Wednesday, July 10, 2013

Csikszentmihalyi's "Flow" and PD

Over the past couple months I've been reading a selection of nonfiction that has applications for education (cf. some reading notes). In just about every single book, including those by Cathy Davidson, Daniel Kahneman, Jane McGonigal, Daniel Pink, and now Steven Johnson's Where Good Ideas Come FromMihaly Csikszentmihalyi, a psychologist famous for the study of happiness but underappreciated until relatively recently, and his idea of "flow" is cited, playing no small part in defence of the author's thesis. I suggest watching his TED talk on the idea to get a sense of the concept, if unfamiliar with it.


Simply put, "flow" is that rare state in which one is wholly absorbed in the moment, with a heightened clarity and focus on the task at hand, and it, according to Csikszentmihalyi, is when we are happiest and having the most fun. Flow is precisely what draws us to gather at conferences, converse on Twitter chats, in addition to teaching in the first place.

At ISTE, where I found myself pooled together with 13,000 other invested educators, I thought quite a bit about why some of us are so compellingly drawn to technology (cf. my thoughts), and I can't help but think that flow plays a significant role in the story. I think that one answer to the question of why we should be taking steps to use more technology in the classroom, however difficult and challenging it may be, is that technology can allow us to have more creative fun during the learning process by helping both teachers and students to find flow.

Based on the way our brains work, as a variety of authors have concluded for different reasons, being in the flow includes socializing and collaborating while helping each other, doing meaningful work, and receiving prompt and quality feedback, and this is precisely what technology does for us. Flow is simply having productive fun, when we're intrinsically motivated to tackle a task, and it's becoming more and more clear that we learn best when we're having fun. If used correctly, then, technology (which is only one piece if the puzzle!) can help us find flow because it makes it easier to collaborate, do meaningful work, and receive feedback, among other things.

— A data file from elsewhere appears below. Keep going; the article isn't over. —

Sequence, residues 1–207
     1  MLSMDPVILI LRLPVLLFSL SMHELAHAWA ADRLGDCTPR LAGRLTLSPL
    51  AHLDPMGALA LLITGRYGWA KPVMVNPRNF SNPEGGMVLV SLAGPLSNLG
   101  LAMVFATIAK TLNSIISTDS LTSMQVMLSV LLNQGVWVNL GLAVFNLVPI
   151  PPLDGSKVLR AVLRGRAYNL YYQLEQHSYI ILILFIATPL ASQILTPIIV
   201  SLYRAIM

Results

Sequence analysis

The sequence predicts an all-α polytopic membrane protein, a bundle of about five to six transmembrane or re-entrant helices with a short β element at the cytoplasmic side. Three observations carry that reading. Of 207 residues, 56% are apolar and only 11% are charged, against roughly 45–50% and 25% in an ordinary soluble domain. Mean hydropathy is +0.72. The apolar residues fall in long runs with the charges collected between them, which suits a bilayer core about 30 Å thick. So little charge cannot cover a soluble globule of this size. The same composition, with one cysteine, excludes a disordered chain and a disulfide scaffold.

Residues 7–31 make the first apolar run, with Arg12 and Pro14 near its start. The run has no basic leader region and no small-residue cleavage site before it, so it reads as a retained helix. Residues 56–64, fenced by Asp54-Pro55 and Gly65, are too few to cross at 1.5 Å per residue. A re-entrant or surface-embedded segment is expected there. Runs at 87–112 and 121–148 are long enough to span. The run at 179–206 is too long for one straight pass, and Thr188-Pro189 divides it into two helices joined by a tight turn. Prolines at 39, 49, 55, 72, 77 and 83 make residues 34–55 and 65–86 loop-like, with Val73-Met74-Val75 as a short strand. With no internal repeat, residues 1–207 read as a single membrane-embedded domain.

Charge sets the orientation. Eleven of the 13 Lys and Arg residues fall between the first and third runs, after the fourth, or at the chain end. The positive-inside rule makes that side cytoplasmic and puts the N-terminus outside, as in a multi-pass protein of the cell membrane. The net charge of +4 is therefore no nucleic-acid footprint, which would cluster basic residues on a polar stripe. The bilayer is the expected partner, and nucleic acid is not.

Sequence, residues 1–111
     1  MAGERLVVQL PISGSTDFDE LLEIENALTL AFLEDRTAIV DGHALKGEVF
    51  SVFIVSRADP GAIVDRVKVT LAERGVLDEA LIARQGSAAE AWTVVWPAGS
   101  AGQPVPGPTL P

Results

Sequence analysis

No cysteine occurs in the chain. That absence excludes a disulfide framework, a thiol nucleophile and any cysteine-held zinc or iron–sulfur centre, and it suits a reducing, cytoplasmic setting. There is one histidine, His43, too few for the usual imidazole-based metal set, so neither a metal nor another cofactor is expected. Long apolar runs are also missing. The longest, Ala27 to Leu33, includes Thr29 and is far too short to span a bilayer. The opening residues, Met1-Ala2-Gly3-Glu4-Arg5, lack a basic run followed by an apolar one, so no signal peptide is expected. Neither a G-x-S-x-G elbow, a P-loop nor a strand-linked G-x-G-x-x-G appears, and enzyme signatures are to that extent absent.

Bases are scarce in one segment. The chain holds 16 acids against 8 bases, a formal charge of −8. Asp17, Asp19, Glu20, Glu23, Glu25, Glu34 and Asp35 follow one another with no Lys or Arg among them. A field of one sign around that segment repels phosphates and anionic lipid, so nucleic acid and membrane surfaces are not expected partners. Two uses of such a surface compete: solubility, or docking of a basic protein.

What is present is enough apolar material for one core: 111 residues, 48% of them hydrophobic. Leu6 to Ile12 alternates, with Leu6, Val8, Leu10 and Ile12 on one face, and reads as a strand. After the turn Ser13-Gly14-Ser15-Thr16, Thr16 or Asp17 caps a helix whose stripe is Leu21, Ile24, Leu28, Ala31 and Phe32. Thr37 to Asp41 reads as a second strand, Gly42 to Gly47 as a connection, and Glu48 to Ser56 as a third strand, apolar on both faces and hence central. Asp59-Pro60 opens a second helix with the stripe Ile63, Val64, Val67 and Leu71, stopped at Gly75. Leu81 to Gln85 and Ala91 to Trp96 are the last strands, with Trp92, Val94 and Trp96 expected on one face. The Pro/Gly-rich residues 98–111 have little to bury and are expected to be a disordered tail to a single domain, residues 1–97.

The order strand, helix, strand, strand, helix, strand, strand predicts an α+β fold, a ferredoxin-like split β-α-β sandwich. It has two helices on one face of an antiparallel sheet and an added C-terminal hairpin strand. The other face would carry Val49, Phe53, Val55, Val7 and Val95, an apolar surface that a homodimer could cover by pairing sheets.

No one could claim that we need technology to do these things or that it alone is the secret to flow, given that there are plenty of successful teachers who are able to engage their students in the flow without it. But ask yourself if you would rather have one awesome way of having fun and finding happiness in class or five different ways? We need to work to increase the amount of time we spend in the flow.

As we emphasize professional development to a greater extent than ever in education, it could prove to be constructive to consider when we feel like we're in the flow in the classroom. A few days ago, a colleague asked me when I feel like I'm "kicking ass", and to my mind, that's exactly what flow is for me. When we're having a great discussion, with students leading the way by making connections, that's when I feel like we're all in the flow. But one person's individual concept of flow can be very different from another's.

With that, I think it's a great idea to do some reflection this summer, while we're thinking about professional development, and consider what "kicking ass" means to each of us, expecting that we'll likely have different answers (which is ok!) that could help us to better define our own ideas of flow and find more ways of achieving it in class. At some point before the next academic year begins, we should sit down and share our reflections, while having a conversation about what flow means to us and how the use of technology could facilitate finding it. Who's interested?